The AMS-1 was evaluated in a prospective, non-randomized, multicenter, clinical trial (n = 63). There were no safety concerns regarding deaths, myocardial infarction, or scaffold thrombosis. However, the long-term patency rates were lower than expected. The in-scaffold late lumen loss (LLL) was 1.08 ± 0.49 mm. The LLL was a combined effect of a decrease in external elastic membrane area (representing 42% of LLL), decrease in scaffold area (18% of LLL) and neointima formation (40% of LLL). Thus, the main mechanism of restenosis (60% of LLL) was a faster than expected scaffold degradation with an early loss of radial force and consequent vessel recoil. The ischemia-driven target lesion revascularization rate was 23.8% after 4 months, and the overall target lesion revascularization rate was 45% at 1 year [22,24–26].
5. The Paclitaxel-Eluting Absorbable Metal Scaffold (DREAMS)
To prolong vessel scaffolding AMS-1 was redesigned (Figure 1). The balloon-expandable DREAMS scaffold (Biotronik AG, Bülach, Switzerland) used a refined, slower-resorbable WE43 alloy with 6-crown 3-link design and with a higher collapse pressure than AMS-1 (1.5 vs. 0.8 bar). The cross-sectional profile of scaffold struts in DREAMS was redesigned to be square-shaped, as opposed to the rectangular shape in AMS-1. In a porcine coronary model, the scaffold degradation showed a preferential cellularization at the lateral sides of the struts and a square shape slowed the resorption process compared to the first generation magnesium AMS-1 . Thereby, strut thickness was reduced from 165 to 120 μm. To reduce neointimal growth the DREAMS was coated with a 1 μm bioresorbable poly(lactide-co-glycolide) polymer matrix (PLGA) containing the antiproliferative drug paclitaxel (0.07 μg/mm2) .
The first in vivo evaluation of DREAMS used a porcine model and evaluated the best lactide to glycolide ratio for the PLGA polymer formulation. This formulation regulates the resorption rate of the drug-carrying PLGA polymer and, therefore, the release of paclitaxel. Seventy-three magnesium scaffolds (ratio of lactide to glycolide of 50/50 in 25 scaffolds, 85/15 with high molecular weight of PLGA in 24, 85/15 with low molecular weight of PLGA in 24) and 36 control stents (18 TAXUS Liberté, 18 eucaTAX) were implanted. The best-performing magnesium scaffold—85/15 with high molecular weight—was equivalent to TAXUS Liberté and superior to eucaTAX regarding late luminal loss, intimal area, fibrin score, and endothelialization. Intimal inflammation score was higher in 85/15H than in the control scaffolds at 28 days, but was similar at 90 and 180 days. Endothelialization was nearly completed within 90 days in all devices .
The Figure 1 describes the dynamics and byproducts of magnesium scaffold resorption at 28, 90 and 180 days. Two phases of the resorption process of magnesium alloy were identified. First, a Mg-rich compound containing a large amount of oxygen is formed, possibly representing a mixture of Mg hydroxide and Mg carbonate. Several weeks later, these compounds convert to amorphous calcium phosphate, filling exactly the voids previously occupied by the dissolved scaffold struts. Measured at 28 days, the average in vivo degradation rates for the three DREAMS versions ranged from 0.036–0.072 mg/(cm2 day) .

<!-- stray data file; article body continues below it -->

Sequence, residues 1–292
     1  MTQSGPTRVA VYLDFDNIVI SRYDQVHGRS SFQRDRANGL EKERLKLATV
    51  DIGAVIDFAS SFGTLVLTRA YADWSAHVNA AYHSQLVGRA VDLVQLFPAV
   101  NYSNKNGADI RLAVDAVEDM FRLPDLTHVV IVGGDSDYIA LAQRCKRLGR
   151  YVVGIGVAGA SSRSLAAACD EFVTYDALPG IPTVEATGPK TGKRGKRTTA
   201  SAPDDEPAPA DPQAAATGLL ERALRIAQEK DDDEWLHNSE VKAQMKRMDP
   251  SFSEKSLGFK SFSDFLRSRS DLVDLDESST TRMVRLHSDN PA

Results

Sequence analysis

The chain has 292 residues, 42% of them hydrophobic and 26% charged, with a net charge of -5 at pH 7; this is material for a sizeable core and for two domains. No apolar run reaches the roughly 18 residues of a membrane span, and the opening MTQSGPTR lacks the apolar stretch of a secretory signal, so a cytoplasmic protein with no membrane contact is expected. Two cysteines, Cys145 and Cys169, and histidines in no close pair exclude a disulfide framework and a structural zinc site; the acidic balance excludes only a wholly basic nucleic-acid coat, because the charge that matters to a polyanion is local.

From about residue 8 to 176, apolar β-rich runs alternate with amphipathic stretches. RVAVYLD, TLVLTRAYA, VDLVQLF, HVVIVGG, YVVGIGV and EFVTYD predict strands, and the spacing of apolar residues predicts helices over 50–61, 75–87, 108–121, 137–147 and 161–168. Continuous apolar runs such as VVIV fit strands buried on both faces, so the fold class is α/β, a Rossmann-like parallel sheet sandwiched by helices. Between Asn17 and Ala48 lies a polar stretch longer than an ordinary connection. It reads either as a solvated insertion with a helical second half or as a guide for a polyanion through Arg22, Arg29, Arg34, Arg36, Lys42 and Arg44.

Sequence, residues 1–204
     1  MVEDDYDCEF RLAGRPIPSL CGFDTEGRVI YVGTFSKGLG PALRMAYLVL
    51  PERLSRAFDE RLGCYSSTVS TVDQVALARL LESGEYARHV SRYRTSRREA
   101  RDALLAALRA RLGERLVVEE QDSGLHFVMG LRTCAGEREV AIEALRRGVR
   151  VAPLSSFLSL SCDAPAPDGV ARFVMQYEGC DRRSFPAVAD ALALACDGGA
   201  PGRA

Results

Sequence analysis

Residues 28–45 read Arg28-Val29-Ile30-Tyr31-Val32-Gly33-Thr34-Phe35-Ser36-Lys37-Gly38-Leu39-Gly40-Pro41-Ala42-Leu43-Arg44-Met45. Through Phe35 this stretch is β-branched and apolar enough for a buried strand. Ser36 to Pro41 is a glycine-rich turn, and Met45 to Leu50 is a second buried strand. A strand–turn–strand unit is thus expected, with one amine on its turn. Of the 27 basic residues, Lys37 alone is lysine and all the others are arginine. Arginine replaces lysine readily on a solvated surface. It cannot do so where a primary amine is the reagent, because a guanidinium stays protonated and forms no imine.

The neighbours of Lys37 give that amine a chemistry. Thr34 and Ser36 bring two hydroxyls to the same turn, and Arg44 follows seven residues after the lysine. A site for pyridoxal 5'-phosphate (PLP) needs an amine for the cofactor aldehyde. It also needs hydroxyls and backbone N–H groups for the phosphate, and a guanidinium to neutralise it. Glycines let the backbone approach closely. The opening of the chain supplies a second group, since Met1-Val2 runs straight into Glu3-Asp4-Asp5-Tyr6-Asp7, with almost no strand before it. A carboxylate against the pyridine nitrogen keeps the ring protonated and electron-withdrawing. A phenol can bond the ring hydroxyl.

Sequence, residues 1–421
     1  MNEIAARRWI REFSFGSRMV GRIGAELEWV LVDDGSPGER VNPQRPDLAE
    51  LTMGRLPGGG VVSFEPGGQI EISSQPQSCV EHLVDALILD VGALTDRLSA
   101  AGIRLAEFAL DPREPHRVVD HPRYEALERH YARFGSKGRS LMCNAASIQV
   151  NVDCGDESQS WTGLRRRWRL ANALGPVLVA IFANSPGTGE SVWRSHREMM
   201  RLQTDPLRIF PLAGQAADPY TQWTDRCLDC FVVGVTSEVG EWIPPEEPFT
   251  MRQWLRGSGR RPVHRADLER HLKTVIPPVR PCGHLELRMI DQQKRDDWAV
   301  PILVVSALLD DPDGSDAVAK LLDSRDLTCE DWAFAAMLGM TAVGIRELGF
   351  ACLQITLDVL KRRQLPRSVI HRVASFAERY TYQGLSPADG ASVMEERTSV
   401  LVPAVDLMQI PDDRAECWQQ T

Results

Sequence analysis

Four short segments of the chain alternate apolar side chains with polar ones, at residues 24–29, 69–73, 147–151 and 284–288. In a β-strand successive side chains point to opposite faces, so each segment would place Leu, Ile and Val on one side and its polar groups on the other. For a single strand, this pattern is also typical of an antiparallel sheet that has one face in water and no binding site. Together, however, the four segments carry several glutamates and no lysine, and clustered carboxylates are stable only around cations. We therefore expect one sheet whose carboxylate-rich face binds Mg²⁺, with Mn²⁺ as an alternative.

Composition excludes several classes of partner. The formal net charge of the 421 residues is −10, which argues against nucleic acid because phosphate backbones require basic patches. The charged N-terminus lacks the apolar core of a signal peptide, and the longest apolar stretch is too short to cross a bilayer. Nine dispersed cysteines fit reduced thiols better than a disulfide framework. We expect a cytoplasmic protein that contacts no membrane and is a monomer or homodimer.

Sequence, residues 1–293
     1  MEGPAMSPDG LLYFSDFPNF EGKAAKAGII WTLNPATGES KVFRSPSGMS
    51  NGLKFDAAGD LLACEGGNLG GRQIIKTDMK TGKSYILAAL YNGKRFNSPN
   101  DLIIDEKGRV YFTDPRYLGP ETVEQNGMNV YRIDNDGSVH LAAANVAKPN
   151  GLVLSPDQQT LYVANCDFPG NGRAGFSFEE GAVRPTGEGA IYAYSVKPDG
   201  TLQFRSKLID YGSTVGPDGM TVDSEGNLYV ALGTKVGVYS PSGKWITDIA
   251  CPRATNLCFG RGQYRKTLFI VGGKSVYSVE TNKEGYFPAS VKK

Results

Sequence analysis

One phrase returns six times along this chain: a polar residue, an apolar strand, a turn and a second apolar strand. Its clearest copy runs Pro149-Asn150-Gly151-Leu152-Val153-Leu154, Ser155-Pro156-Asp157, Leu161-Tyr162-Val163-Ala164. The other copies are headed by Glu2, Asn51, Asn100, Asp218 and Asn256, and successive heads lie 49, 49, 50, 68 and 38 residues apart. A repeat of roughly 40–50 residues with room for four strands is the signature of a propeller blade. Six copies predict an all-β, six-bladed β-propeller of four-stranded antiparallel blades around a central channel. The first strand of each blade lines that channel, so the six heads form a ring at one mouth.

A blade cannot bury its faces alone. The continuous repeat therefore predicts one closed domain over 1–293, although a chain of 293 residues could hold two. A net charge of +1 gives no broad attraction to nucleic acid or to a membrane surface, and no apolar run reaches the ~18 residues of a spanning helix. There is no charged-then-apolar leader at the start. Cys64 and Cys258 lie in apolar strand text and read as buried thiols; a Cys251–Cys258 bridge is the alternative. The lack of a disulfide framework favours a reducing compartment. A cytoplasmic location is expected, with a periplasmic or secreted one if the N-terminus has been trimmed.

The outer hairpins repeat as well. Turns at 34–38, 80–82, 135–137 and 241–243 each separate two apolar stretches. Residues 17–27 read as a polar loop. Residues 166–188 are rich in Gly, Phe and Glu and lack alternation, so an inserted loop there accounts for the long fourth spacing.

The first-in-man BIOSOLVE-I trial assessed the safety and performance of this first generation drug-eluting magnesium-based BRS in 46 patients with 47 lesions at five European centers. During the procedure, all devices were successfully delivered. The in-scaffold late lumen loss was reduced at 6 months (0.65 ± 0.5 mm) and at 12 months (0.52 ± 0.39 mm) compared to 1.08 ± 0.49 mm of the prior generation bare AMS-1 magnesium scaffold. However, the late lumen loss with DREAMS still did not match the excellent results of currently available drug-eluting stents.
In the BIOSOLVE-I trial, data for serial OCT were available for only seven patients with 5791 assessable struts. At 6 month follow-up, 97.2% (95% CI96.7–97.6) of the struts were apposed and at 12 months 99.8% (95% CI99.6–99.9) of the struts were apposed with only 0.1% (0.03–0.3) persistent incomplete strut apposition and 0.1% (0.03–0.3) late acquired incomplete strut apposition. An illustrative case of DREAMS BRS with OCT images is shown in Figure 2. At 12 months, three of 43 (7%, 95% CI1.7–19.3) patients had target lesion failure with no cardiac death or scaffold thrombosis .
6. The Sirolimus-Eluting Absorbable Metal Scaffold (DREAMS 2nd Generation)
DREAMS was further modified to create the next generation: the DREAMS 2nd generation (DREAMS 2G, Figure 1) which is made of a WE43 alloy with 6-crown 2-link design and a strut thickness of 150 μm with radiopaque markers at both ends (made from tantalum) resulting in slower dismantling and resorption rate (Figure 3). The distal markers were added to make scaffold implantation and possible post-dilation more precise. To further reduce the neointima formation, the DREAMS 2G was coated with a bioresorbable polylactic acid polymer (7 μm) featuring sirolimus at a dose of 1.4 μg/mm2—known to have more potent antiproliferative effect than paclitaxel [29–31]. DREAMS 2G has completed preclinical assessment and is currently being evaluated in BIOSOLVE-II trial.
BRS is a relatively new technology introduced to address the limitations of the traditional metallic stents. BRS will usher the practitioner in a new era of treatment of coronary lesions, as they provide temporary vessel scaffolding and then disappear, thereby allowing for the restoration of the vessel wall physiology and vasomotion. Magnesium alloy has a great potential since it is a metal with high radial strength and less thrombogenic electrochemical properties than most metals used for implants. Evidence from studies of the DREAMS 1st generation indicates that it has improved the drawbacks of the first generation bare AMS-1 (e.g., rapid bioresorption and device shrinkage). The DREAMS 2nd generation has completed its preclinical assessment and the experimental data suggest that it may be able to compete with the drug-eluting metallic stents in terms of safety and efficacy. BIOSOLVE-II trial will test the real potential of this technology.
Conflicts of Interest
B Warnack is a full-time employee of BIOTRONIK AG., M Haude received grants from BIOTRONIK AG and serves as an advisor for BIOTRONIK AG. All other authors have no conflict of interest and did not receive grants or financial support from industry or from any other source to prepare this manuscript.